It is important to note that the collection of corporate tax has been a good ??1.23 lakh crore. Healthy corporate taxes underscore the fact that, like last year, the economic recovery, as it is, is focused on profit. And while this may provide some short-term comfort to those who follow the gross domestic product (GDP) figures, not only does it expose most of the economy to prolonged vulnerability, but it will only make the situation worse. structural crisis highlighted by the PLFS.

As HSBC’s Pranjul Bhandari has repeatedly pointed out, the formal sector gains after the pandemic came at the cost of closing small informal businesses. And while this “forced formalization” has maintained high profitability, it has left the majority of Indian households, which find employment in the informal sector, financially vulnerable.

The fact that households are vulnerable is also reflected in the Reserve Bank of India (RBI) consumer confidence surveys and underlines the worsening demand crisis. The latest survey in July 2021 showed continued weakness in consumer confidence, with most households reporting lower incomes than a year ago. If left unchecked, there is a real likelihood that the tendency to “reverse migration” will become an endemic feature of the economy.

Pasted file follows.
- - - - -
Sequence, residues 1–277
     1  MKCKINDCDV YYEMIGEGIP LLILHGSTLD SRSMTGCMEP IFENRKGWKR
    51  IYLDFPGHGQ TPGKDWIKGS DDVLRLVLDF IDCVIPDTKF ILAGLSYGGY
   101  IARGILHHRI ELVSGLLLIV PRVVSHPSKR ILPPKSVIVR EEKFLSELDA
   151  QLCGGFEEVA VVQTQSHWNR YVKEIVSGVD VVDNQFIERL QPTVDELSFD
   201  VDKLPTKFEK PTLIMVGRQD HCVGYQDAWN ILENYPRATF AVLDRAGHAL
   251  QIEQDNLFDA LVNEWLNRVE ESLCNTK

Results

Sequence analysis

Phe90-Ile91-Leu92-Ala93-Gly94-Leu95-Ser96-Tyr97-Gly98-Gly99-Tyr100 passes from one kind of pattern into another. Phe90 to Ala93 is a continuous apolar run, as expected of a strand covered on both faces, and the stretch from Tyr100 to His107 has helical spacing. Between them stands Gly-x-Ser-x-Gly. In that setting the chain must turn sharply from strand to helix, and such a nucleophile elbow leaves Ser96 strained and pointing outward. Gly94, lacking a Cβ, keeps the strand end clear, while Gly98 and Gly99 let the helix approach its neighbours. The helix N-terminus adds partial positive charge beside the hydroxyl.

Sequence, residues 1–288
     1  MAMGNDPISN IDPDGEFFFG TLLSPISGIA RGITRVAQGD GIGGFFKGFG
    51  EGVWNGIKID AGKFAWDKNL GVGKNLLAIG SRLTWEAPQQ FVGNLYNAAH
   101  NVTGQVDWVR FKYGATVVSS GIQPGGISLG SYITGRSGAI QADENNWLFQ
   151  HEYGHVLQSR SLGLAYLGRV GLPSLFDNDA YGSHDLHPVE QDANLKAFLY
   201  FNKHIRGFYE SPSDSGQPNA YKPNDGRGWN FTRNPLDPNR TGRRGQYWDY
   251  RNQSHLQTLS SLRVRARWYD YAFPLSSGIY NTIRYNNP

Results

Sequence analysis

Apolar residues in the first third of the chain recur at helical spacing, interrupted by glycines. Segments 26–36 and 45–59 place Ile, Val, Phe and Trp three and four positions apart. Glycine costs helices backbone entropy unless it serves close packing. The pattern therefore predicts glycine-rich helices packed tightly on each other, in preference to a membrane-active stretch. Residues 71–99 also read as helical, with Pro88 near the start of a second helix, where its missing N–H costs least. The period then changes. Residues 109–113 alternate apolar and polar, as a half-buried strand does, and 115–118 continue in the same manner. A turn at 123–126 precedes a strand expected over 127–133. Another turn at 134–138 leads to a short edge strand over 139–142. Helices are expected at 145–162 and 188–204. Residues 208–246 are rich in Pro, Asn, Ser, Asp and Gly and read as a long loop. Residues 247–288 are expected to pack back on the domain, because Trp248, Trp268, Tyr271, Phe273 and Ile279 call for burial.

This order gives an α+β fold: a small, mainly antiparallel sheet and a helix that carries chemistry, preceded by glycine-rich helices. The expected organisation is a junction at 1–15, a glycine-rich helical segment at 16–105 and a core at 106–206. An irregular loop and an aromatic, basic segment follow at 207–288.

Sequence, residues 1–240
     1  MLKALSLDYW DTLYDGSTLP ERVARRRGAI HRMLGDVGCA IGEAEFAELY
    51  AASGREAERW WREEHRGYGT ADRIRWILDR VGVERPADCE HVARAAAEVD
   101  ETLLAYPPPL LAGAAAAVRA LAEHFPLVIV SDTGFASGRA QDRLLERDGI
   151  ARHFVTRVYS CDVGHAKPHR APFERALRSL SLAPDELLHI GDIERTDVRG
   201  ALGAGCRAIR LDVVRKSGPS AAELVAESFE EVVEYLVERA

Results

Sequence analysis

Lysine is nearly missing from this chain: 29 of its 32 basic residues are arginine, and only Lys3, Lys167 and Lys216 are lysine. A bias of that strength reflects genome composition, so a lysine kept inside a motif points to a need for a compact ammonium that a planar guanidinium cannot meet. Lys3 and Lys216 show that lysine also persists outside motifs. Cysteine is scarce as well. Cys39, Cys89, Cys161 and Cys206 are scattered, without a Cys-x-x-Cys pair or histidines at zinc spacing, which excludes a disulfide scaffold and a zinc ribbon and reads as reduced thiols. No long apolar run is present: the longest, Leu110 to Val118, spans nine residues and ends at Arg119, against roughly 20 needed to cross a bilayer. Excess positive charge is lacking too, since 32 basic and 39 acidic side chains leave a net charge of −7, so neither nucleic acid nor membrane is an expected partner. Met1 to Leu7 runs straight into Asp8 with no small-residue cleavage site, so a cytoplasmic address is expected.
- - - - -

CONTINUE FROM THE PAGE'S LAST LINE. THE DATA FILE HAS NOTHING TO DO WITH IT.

In the short term, policy prescriptions are well known and have been widely debated in the public domain. Increased consumption through food, work (MGNREGS) and remittances in urban areas of India remains critical for relief today from last year’s lockdown peak . The government’s continued refusal to provide a robust stimulus, beyond an expanded public distribution system, despite some fiscal leeway with relatively healthy revenue revenues and a fiscal deficit under control, is inexcusable, if not insensitive.

However, the long-term challenge for India remains to find its way to an employment-intensive growth path. This will require more than the current policy toolbox of extended credit guarantees and bulldozing reforms, as has been attempted by farm laws. Perhaps it is worth recognizing that there are no clear paths. From factor market reforms to understanding and responding to unique supply-side constraints, including the challenges faced by the female workforce, to overcoming barriers to scale faced by small and medium-sized Undertakings, each of these challenges requires careful deliberation and coordinated political action across sectors of the economy and between central and state governments.

Job-intensive growth requires government investment in human capital, markets, and enabling regulation. But first and foremost, the government must recognize the deep structural crisis it is facing.

Yamini Aiyar is President and CEO of the Center for Policy Research

Opinions expressed are personal